The Ca0.85−1.5xGdxEu0.1□0.05+0.5xWO4 (0 ≤ x ≤ 0.567) series of cation-deficient scheelites is investigated to unveil the influence of the cation vacancies on the crystal structure and luminescent properties. The concentration of the vacancies is varied by the heterovalent substitution of Gd3+ for Ca2+, keeping the concentration of the Eu3+ luminescent centers constant in all compounds of the series. The crystal structure of the materials is studied using a combination of transmission electron microscopy and synchrotron X-ray powder diffraction. At low vacancy concentration (x = 0.1, 0.2), cations and cation vacancies are randomly distributed in the structure, and the materials preserve the I41/a symmetry of the parent scheelite structure [x = 0.1: a = 5.25151(1) Å, c = 11.39479(2) Å; x = 0.2: a = 5.25042(1) Å, c = 11.41335(2) Å]. At higher concentration, the cation-vacancy ordering gives rise to incommensurately modulated structures. The x = 0.3 structure has a (3 + 2)D tetragonal symmetry [superspace group I41/a(α,β,0)00(−β,α,0)00, a = 5.24700(1) Å, c = 11.45514(3) Å, q1 = 0.51637(14)a* + 0.80761(13)b*, q2 = −0.80761a* + 0.51637b*]. At x = 0.4, the scheelite basic cell undergoes a monoclinic distortion with the formation of the (3 + 1)D structure [superspace group I2/b(α,β,0)00, a = 5.23757(1) Å, b = 5.25035(1) Å, c = 11.45750(2) Å, γ = 90.5120(2)°, q = 0.54206(8)a* + 0.79330(8)b*]. In both structures, the antiphase Ca and (Gd,Eu) occupancy modulations indicate that the ordering between the A cations and vacancies also induces partial Ca/(Gd,Eu) cation ordering. Further increase of the Gd3+ content up to x = 0.567 leads to the formation of a monoclinic phase (space group C2/c) with the Eu2/3WO4-type structure. Despite the difference in the cation-vacancy ordering patterns, all materials in the series demonstrate very similar quantum efficiency and luminescence decay lifetimes. However, the difference in the local coordination environment of the A cation species noticeably affects the line width and the multiplet splitting of the 4f6–4f6 transitions.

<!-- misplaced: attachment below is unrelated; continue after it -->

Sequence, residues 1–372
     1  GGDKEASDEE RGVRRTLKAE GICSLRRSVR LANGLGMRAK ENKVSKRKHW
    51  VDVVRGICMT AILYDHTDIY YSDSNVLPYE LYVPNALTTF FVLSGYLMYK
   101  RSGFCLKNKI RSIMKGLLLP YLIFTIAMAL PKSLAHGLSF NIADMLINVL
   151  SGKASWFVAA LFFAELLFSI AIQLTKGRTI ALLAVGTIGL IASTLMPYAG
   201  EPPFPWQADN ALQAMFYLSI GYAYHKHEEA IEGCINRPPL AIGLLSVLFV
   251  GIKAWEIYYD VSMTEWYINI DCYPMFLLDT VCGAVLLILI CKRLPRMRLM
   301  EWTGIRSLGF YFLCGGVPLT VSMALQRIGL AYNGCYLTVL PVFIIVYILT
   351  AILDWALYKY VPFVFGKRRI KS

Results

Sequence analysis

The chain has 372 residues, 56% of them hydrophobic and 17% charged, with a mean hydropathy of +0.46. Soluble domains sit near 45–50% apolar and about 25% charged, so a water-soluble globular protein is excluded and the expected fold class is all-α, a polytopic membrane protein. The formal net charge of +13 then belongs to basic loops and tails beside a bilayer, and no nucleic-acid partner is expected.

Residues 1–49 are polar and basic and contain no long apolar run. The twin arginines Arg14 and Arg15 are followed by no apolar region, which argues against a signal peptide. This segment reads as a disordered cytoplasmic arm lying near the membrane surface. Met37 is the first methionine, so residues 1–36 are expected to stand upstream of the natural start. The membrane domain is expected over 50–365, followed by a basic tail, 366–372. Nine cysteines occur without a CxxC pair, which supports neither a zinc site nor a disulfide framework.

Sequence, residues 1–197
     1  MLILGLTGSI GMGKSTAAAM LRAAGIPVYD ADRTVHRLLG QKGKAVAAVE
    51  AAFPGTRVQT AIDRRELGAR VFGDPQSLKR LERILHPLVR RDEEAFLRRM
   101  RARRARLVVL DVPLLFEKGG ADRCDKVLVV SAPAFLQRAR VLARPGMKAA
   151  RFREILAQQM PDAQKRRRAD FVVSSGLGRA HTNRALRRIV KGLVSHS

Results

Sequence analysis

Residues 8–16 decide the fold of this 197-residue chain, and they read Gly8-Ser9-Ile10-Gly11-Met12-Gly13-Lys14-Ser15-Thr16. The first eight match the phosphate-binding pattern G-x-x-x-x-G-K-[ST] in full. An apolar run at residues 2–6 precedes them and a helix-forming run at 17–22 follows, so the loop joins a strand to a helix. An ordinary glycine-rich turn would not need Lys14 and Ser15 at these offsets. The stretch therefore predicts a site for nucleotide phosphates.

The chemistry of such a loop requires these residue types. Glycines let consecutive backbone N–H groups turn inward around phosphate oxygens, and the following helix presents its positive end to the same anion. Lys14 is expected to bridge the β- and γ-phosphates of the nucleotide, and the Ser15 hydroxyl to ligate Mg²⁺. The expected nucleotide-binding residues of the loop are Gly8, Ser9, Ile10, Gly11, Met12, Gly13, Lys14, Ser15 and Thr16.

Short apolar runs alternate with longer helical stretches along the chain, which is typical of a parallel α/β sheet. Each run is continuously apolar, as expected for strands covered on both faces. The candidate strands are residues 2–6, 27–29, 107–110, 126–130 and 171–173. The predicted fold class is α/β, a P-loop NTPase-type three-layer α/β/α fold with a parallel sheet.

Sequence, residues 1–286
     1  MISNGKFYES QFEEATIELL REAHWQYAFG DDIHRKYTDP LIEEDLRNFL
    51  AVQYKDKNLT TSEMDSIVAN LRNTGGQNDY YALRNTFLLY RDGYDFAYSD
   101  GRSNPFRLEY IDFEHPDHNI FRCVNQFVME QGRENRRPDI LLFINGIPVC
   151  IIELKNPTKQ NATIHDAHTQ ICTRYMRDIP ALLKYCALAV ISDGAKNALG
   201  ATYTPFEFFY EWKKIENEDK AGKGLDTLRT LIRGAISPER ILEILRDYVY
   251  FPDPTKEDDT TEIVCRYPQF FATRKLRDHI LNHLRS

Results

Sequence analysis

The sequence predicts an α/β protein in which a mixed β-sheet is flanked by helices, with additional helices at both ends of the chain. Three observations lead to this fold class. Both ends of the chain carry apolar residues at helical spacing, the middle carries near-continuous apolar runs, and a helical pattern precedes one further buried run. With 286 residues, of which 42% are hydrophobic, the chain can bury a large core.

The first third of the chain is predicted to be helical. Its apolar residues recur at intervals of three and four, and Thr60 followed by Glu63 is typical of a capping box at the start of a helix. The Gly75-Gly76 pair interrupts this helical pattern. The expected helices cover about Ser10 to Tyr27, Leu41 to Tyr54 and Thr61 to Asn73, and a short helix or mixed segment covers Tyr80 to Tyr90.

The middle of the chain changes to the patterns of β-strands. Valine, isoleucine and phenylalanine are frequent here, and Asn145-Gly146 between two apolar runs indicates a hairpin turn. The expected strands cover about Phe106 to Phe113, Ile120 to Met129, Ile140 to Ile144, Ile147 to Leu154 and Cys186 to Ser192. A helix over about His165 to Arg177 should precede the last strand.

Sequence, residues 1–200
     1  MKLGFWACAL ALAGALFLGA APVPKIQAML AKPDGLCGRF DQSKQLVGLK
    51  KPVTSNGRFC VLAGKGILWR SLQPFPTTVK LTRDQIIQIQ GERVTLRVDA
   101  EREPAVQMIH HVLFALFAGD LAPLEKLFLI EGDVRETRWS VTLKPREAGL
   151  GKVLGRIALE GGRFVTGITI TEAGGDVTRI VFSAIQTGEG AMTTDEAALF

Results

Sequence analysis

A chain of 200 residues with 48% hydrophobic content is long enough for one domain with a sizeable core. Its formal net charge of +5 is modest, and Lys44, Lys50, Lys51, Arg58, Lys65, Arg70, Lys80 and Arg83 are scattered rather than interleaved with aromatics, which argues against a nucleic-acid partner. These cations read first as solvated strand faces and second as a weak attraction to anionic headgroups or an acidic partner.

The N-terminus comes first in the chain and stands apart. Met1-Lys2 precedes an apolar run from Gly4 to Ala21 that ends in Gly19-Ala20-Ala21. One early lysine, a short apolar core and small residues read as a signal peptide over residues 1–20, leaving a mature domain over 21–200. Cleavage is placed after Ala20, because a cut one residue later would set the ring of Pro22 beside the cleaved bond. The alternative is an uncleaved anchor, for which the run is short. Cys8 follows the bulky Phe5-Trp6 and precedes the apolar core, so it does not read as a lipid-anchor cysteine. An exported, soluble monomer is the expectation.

- Rare earth
- Transmission electron microscopy